That really happened. My card was canceled, and it wasn’t for lack of money to pay the bill; it was because I wasn’t organized enough to find the bill. That was indicative of the way things unraveled. I had to get it together. I wanted to, believe me. I had told myself repeatedly that I did not want to be one of those people who lose a spouse and stop living. I had seen that in others, both men and women, and I never understood why they let their lives change so dramatically. They quit going to shows, they stopped cooking meals for themselves, they slept late, they moved slower, and they turned into virtual shut-ins. Even when they went out, they were closed off. I did not want that to happen to me. I had promised myself it wouldn’t. I had promised Michelle it wouldn’t. We had promised each other.
But it was easier said than done. I had never been single. As I said, I had a steady girlfriend in high school who dumped me after I got back from the Air Force. Then I got married to Margie. Then I was with Michelle. Then it was just Rocky and me in the house. I found myself apologizing to him. I promised to change.
I said yes when Gregory Peck’s wonderful wife, Veronique, invited me to lunch at a restaurant in Beverly Hills and introduced me to a woman she thought I might like. We had a nice time, but she wasn’t my cup of tea. The same thing happened with several other friends who tried to set me up.
Then word got out that I was dating, and my popularity skyrocketed. One woman waited for me every morning in my local coffee shop. She was like a well-intentioned stalker with a nice wardrobe. My phone rang constantly.
I went on quite a few dates, actually—only first dates, mind you—but demand for a widower like me, as I discovered, was such that I might still be going on dates if it were not for my wife, Arlene. At the time she was my makeup artist and friend. We had met a few years before at the SAG awards and worked together enough that I felt comfortable going to her for advice. I had to ask someone—I was a novice. I hadn’t dated—really dated—since before World War II.
So I would e-mail her a picture of the woman I was meeting and ask her opinion: “What do you think?” Or, “Have you heard of this restaurant?”
At some point I realized that I looked forward to Arlene’s responses more than I did the dates. Pretty soon I quit e-mailing her pictures of other women and suggested the two of us get together. I liked talking to her. I liked her personality. I liked her sense of humor. I liked her take on things. I liked her smiles and her eyes. I liked everything about her. Indeed, I liked the feeling—and this came as a pleasant, unsettling surprise—that I liked her and wanted to be around her.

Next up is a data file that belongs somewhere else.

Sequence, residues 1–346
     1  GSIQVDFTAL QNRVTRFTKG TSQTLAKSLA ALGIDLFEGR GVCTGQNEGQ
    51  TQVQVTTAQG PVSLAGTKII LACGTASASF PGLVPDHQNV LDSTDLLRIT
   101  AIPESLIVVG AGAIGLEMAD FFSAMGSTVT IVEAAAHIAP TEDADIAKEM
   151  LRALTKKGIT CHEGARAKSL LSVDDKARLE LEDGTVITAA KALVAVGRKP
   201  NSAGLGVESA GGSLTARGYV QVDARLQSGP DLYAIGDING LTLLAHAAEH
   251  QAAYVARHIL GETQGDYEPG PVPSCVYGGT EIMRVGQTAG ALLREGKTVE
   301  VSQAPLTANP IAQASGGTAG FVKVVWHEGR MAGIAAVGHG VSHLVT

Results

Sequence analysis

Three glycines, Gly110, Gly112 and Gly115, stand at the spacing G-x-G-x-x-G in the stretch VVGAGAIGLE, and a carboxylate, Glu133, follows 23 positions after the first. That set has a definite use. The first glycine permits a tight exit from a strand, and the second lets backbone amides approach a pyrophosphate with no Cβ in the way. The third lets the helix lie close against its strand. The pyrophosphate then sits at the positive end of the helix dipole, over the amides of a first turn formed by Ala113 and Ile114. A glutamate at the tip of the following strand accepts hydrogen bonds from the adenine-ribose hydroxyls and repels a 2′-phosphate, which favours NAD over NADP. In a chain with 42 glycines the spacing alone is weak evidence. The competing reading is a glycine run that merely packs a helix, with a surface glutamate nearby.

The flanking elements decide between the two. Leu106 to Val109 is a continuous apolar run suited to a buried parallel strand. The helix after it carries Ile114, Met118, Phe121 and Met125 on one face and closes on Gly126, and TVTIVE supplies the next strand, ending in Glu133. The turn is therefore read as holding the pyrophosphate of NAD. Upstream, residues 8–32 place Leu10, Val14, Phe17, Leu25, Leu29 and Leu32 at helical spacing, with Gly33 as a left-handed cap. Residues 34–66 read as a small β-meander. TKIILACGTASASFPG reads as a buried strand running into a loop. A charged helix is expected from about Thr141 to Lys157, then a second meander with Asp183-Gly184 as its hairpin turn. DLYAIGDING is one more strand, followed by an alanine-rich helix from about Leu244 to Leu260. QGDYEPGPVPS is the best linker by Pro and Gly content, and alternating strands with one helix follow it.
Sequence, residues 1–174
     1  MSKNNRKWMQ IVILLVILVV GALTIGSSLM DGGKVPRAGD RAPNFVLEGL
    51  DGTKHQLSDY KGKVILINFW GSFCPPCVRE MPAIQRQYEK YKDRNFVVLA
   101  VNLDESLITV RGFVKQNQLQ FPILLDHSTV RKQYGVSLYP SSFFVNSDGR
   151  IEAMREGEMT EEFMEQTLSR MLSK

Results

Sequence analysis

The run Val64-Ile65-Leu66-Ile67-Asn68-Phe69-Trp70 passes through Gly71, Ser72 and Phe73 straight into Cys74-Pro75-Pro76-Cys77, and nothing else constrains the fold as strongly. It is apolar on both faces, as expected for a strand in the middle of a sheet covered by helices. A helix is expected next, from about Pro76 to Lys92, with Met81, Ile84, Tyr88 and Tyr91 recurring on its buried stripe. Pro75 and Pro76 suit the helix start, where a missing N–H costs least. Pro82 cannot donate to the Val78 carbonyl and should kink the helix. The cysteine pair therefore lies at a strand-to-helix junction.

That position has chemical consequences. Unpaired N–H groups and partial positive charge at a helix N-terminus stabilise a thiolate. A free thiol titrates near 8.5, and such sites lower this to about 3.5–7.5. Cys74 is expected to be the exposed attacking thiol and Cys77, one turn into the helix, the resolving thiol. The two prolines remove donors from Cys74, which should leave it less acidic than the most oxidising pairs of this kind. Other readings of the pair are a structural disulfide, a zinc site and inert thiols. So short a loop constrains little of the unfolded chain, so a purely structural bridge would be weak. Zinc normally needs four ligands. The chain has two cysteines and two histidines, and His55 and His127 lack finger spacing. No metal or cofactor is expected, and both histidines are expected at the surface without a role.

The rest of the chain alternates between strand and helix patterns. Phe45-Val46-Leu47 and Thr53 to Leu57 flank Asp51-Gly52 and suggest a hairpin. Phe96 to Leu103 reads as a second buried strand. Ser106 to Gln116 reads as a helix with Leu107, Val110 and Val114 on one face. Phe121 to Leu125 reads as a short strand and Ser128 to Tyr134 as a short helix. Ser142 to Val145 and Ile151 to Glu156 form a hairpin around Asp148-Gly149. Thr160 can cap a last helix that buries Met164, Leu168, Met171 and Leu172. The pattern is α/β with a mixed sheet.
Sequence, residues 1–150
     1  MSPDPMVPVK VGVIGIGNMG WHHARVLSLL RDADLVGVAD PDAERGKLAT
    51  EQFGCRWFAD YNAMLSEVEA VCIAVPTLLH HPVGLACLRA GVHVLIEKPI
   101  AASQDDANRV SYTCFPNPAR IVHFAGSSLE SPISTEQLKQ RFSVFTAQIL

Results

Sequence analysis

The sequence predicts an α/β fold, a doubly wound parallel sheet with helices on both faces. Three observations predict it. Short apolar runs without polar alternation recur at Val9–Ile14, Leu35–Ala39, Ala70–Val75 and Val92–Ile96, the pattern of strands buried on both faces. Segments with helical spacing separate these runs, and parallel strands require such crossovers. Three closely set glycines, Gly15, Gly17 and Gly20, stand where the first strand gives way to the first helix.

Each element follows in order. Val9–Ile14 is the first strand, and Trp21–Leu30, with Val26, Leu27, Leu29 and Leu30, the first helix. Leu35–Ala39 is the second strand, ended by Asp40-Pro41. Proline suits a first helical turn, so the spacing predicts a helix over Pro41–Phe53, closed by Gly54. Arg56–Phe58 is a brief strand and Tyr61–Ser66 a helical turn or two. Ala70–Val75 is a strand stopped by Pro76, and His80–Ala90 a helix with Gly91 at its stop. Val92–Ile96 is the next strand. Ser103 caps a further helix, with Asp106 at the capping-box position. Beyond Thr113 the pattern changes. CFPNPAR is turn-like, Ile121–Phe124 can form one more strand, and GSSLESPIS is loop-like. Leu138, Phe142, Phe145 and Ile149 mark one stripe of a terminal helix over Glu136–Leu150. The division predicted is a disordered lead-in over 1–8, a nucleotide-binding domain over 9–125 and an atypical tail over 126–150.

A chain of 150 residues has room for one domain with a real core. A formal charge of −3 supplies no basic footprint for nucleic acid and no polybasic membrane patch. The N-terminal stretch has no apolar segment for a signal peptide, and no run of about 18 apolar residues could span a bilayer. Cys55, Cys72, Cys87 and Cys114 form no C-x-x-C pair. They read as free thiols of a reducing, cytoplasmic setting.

Does that happen in your eighties?
It sure does.
There was just one problem: the difference in our ages: forty-six years. Ten years is not that big an issue once you’re in your thirties; a thirty-five-year-old man with a twenty-five-year-old woman is not a big deal. Twenty years is also an understandable choice, whether you’re in your sixties or your eighties. My brother is married to a woman in her sixties. No one questioned that gap when he was in his sixties, and now that he’s in his eighties, both of them look smart.
But forty-six years was uncharted territory. Though I was quite sure Arlene knew I was smitten with her, I was not blind to the reality: we were nearly two-and-a-half generations apart, which was like being separated by three time zones, the equator, and another language. Or was it? Or was it not that big of a difference?
I went over the pros and cons, making sure the pros outnumbered the cons, and told myself to be cautious, to take any next steps slowly. I knew that, at eighty-three, I was going to be the major beneficiary of socializing with a beautiful woman in her thirties. At the same time, I sensed that Arlene also enjoyed my company. We had worked together. We e-mailed. We talked on the phone. She occasionally came over and made dinner, or I would pick something up, and she checked in on me. It seemed safe to assume that she was thinking about me almost as often as I was thinking about her—and how to move our friendship into a relationship.
As this happened, I began to feel like myself again. I turned the lights on again. I felt a lightness in my step. I looked forward to talking to Arlene. I had things to say. I wasn’t isolated or alone or lonely. It was the darnedest thing. After months of floundering, it was so natural, so effortless. Since then people have asked how I got through the tough parts of losing Michelle. The answer? I didn’t. What helped me through this tough period was the same thing that helps in any tough situation, the same thing that had brought me luck when I was struggling in New York with a wife and three young kids when I left the TV station where I worked and auditioned for every play on and off Broadway in order to earn extra money: I opened myself up to the world and all its possibilities, and the world responded.
In this particular instance, I opened my heart. I let life back in. I realized that if I wanted Arlene in my life, I simply had to take a risk. The choice was mine. And it was a simple choice: sit or get off the pot roast.